I ordered one of the Sashimi sets and Lina went for one of the Sushi sets. Mine came on a bed of ice in a bowl. Fatty tuna, squid, cuttlefish, white fish and some wasabi. Lina’s Sushi was made in front of us in quick time. With white fish, tuna, salmon, cuttle fish, octopus, scorched mackerel and an inventive rice in egg roll. All were fabulous and went well with the sake. At the end of the meal, I tried to ask the Chef a few questions. His English was very limited, but basically found out that he has been a chef for 20 years, a Sushi Chef for 10 years. Also found out what cuts of tuna we had been eating. And genrally kept telling him how good ot all was. I made some comment on how fast he was making the sushi etc, and he showed us just how quick he was. He made us a nigiri roll of tuna belly. He made it in less than 10 seconds flat from beginning to end. Amazing. He had cut the seaweed to size so never had to roll it that much, kinda just rolled it once then tightened it. It was a truly memorable night.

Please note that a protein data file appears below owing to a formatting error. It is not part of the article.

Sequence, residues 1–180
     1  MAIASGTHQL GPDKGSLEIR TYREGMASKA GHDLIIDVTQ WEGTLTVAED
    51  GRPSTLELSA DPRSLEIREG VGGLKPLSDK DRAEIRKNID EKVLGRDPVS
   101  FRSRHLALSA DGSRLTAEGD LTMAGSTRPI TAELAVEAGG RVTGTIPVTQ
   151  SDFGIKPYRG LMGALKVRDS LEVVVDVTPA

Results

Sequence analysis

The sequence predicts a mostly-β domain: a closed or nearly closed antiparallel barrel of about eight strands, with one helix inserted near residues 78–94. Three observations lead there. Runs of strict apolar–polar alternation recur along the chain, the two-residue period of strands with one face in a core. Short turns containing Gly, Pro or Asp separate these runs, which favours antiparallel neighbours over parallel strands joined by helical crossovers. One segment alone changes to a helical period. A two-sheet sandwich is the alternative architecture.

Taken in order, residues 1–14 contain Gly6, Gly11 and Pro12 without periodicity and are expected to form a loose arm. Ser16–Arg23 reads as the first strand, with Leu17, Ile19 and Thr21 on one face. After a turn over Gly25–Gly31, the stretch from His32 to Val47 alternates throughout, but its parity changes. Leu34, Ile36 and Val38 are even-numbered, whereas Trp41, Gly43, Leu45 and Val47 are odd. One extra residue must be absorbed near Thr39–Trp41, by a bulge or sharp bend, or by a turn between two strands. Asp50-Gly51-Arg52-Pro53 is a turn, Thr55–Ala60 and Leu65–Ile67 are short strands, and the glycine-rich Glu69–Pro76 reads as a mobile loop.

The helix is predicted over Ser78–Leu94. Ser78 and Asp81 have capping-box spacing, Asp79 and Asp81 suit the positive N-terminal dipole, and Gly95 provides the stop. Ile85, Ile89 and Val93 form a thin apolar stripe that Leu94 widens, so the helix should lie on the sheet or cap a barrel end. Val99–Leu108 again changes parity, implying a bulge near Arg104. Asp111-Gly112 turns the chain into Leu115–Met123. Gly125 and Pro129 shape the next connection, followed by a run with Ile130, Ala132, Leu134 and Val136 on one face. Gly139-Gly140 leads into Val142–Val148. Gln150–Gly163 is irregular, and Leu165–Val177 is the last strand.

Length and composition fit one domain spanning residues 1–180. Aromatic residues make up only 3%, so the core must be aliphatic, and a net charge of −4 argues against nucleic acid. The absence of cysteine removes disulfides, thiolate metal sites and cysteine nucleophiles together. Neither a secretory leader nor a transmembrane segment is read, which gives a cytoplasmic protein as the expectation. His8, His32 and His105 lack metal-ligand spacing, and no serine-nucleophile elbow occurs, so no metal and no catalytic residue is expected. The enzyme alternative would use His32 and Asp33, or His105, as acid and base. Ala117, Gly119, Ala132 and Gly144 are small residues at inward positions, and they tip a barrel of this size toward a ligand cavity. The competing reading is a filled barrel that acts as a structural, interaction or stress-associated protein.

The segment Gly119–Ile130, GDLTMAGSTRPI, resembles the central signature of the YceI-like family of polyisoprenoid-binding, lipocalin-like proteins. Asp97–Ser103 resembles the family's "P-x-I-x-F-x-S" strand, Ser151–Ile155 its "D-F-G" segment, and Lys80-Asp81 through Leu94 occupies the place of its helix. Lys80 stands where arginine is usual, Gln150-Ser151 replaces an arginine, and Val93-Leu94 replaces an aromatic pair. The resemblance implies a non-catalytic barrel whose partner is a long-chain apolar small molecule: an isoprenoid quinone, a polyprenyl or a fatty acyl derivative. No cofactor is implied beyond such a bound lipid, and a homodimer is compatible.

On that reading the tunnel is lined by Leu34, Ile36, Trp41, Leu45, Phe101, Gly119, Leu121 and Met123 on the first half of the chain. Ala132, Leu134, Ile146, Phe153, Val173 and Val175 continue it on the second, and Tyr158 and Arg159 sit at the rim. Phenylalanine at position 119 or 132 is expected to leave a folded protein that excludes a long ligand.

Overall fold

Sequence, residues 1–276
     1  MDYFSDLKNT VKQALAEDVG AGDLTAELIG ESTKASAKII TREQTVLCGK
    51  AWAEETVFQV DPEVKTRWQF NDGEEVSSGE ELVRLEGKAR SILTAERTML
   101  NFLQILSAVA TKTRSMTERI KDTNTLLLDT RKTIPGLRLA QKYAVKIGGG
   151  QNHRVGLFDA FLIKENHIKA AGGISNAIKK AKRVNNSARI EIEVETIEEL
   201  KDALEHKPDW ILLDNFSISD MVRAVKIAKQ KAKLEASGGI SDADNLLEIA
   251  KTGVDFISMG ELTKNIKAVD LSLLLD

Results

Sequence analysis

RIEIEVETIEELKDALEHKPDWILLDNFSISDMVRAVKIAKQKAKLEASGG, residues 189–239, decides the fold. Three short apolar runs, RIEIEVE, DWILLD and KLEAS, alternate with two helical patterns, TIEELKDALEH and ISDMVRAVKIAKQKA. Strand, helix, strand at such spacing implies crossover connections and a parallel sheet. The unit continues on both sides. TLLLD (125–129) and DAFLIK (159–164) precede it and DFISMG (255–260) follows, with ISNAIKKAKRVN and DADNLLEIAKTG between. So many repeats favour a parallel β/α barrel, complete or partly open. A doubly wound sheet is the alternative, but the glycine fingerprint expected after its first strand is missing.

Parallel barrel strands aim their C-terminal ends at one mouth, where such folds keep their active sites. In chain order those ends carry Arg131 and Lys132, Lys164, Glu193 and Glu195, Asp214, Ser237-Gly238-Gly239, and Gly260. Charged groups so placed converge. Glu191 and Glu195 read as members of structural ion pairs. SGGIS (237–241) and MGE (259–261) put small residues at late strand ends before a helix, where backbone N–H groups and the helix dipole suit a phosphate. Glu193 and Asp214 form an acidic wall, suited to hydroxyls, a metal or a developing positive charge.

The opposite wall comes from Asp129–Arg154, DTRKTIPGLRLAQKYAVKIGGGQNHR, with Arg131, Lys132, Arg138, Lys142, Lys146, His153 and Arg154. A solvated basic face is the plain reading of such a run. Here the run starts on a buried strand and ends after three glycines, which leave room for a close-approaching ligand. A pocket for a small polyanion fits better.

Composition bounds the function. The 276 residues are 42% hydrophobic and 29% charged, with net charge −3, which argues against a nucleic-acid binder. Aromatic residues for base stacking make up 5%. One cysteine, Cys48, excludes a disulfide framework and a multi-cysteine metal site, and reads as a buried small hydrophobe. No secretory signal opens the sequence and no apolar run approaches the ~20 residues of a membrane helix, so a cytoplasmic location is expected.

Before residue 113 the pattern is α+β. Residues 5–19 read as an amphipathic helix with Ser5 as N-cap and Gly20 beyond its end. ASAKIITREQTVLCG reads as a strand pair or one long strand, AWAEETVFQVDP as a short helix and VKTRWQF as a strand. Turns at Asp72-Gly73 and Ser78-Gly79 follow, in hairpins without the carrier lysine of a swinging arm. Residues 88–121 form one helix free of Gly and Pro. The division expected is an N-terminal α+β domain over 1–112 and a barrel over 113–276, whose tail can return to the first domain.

So if you want some free sushi, remember to complement the chef on his work. Chefs are all suckas for some ass licking.
For our final night in Kyoto, there was nothing else we could have but an excellent bowl of Noodles. I had been looking for this place for a few days but for some reason I could never find it. So on the last nite I was determined to eat there. We sat at the counter. It was quite a modern joint, a world away from the calmness of Ponchoto. Lots of slurping going on, which is always a good sign of a good Ramen joint. I ordered a char-siu miso ramen soup and Lina ordered a pork soy ramen soup. I also ordered as a side order a boiled egg. I have gotten used to eating eggs with noodles now, and I find it an excellent addition to any noodle dish. Both came at the same time and both were equally delicious in their own way.